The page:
Being exposed to so many curated images and social media feeds is a relatively new phenomenon. And our brains aren’t programmed to understand that those images do not project an accurate reflection of real life. You have no idea if that person with the perfect Fall decorations is in debt, makes a ton of money, or fights with her husband about the boxes of stuff they have in every nook and cranny in their house.

It’s ok to want to look put together. It’s ok to want to have a decorated house. But those things are never as important as the health of your finances. The peace of mind you get when you are out of debt with money in the bank will far exceed the thrill you get by buying the latest trend and keeping your home, kids and life Instagram worthy. Get really clear on what matters to you, focus your spending there. And let the rest go.

Personal Note: Despite being a wanna-be minimalist, I want all the clothes. Am I trying to project a certain image or just love clothes? Maybe a little of both. I’ve let go of a lot of other areas that I used to spend a lot of money, but I give myself permission to spend on clothes when our spending plan allows it. Other things that I could easily spend money to fit an image but try to keep to a minimum because it doesn’t really matter to me is decorations for specific holidays (we have plenty), beauty products or excessive things for my son.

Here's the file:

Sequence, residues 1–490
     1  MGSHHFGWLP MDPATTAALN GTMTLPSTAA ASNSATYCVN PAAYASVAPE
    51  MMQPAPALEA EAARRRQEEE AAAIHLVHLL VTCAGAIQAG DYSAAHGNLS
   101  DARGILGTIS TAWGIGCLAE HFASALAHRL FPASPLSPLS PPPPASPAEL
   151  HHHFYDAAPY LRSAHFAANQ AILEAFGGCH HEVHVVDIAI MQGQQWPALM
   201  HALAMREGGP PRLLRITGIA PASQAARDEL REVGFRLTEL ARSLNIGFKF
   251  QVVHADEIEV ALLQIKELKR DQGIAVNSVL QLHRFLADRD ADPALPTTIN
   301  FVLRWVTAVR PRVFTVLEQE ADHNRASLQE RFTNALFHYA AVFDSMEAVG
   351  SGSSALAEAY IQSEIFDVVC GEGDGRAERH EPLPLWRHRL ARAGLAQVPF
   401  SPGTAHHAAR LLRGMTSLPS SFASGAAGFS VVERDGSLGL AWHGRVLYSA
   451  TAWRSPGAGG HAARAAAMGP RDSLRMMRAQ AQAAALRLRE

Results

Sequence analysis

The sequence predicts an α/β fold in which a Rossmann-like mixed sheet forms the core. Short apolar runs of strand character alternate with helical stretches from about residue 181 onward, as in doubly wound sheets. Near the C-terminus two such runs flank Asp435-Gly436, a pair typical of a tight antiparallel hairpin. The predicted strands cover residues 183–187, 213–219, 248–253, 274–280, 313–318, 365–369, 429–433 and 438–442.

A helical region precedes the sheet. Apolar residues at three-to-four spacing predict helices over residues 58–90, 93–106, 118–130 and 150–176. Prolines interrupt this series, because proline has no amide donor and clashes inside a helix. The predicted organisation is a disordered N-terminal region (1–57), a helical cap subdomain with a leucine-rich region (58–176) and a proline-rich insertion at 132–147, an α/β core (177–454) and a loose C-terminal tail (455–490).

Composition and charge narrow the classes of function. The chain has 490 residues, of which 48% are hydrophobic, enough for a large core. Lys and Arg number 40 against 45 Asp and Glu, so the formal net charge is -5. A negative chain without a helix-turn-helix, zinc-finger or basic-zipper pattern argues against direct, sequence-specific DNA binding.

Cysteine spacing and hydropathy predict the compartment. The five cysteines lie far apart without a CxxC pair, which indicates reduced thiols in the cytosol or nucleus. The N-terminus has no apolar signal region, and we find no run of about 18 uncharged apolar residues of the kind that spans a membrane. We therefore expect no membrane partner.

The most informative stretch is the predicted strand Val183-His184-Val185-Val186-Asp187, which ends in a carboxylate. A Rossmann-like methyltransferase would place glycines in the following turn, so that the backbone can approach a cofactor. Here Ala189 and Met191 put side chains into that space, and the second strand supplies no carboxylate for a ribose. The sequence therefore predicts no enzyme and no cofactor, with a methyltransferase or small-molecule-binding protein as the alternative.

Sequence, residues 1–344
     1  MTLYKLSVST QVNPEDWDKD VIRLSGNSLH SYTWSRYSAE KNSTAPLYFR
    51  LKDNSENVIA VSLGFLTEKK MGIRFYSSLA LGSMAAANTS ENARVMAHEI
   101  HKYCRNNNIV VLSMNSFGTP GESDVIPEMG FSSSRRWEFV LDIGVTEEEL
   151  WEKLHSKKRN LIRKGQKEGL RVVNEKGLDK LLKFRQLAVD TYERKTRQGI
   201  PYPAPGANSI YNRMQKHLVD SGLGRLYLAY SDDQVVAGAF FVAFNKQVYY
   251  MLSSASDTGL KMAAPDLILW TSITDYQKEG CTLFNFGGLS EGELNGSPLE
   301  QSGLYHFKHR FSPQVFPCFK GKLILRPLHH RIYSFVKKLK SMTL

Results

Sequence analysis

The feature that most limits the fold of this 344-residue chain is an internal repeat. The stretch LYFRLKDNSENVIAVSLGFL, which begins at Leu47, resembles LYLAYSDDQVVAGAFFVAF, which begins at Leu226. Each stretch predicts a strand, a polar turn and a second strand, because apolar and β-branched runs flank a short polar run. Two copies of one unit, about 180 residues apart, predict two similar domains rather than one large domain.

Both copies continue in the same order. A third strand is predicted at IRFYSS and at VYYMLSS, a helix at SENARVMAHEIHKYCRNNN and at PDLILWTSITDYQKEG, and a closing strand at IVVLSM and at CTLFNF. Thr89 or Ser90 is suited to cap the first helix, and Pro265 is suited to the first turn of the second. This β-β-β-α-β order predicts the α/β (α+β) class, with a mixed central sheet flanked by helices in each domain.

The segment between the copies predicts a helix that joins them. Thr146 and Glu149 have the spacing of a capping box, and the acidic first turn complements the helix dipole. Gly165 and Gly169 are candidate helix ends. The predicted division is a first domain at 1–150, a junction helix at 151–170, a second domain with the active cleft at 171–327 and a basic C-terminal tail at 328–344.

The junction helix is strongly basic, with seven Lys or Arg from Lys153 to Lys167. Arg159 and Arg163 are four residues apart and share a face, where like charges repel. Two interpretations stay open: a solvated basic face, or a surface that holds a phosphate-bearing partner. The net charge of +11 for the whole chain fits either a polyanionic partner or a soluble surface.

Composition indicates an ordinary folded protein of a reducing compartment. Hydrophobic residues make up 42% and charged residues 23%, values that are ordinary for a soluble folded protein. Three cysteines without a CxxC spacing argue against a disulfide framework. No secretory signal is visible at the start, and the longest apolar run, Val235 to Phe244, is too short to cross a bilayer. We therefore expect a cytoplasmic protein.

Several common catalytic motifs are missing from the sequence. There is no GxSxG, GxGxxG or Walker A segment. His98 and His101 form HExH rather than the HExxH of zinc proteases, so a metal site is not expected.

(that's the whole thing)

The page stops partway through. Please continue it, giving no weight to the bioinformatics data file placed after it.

#4: You buy because you don’t know what you already have

Spices at the grocery store for a certain recipe. The nice, black t-shirt on sale. A new bottle of sunscreen. It’s impossible to keep an accurate tally of what we have at home, and what we don’t. So when you see it in the store, you think, “I better get it just in case” But a lot of times, you have it. You didn’t need it. And you will end up wasting products and money if you don’t check for what you have before purchasing.

Personal Note: Once I realized how much I was doing this, I was able to stop over time. I make a list of what we need at the store before we go and keep it on my phone. It’s a hard habit to start, but an easy one to keep once you realize how much it helps you stay focused on what you need. Another tip for this category is de-cluttering your home so it is easy to see what you have. Ladies how many half used or unused products are under your bathroom sink? That’s money down the drain. Get organized, get clear, save money.

 

#5: You buy because the ads… all the ads

The ads are literally everywhere. This article from Forbes estimates we are exposed to at least 4,000 ads PER DAY.

And advertisers, they are good at their job. The jingles, the product placement, the FB ad from your earlier google search. They get us. And they get us often. Become more aware of the ads that show up in your day, and when you feel most susceptible to them. The more you can bring awareness to this, the more you will recognize when the advertiser has hooked you and decide for yourself if you want to stay hooked or walk away.

Personal Note: Some ads are good, and alert me to products and services I might have not known about. But other ads are just noise. We invest in a DVR at our house, so we can record shows in advance and fast forward through the commercials. I use the unroll.me service in my email to keep advertisement emails to a minimum. If I don’t see it, I won’t be tempted. And I especially try to limit my son’s exposure to ads.

The goal of examining the motivations of your purchases is to become aware. You aren’t going to become a perfect spender. That isn’t even the goal. The goal is to develop the skills to evaluate your own behaviors so you can reach your financial goals while spending on things that matter to you. The goal is to cut the waste. And find the point of ‘enough’.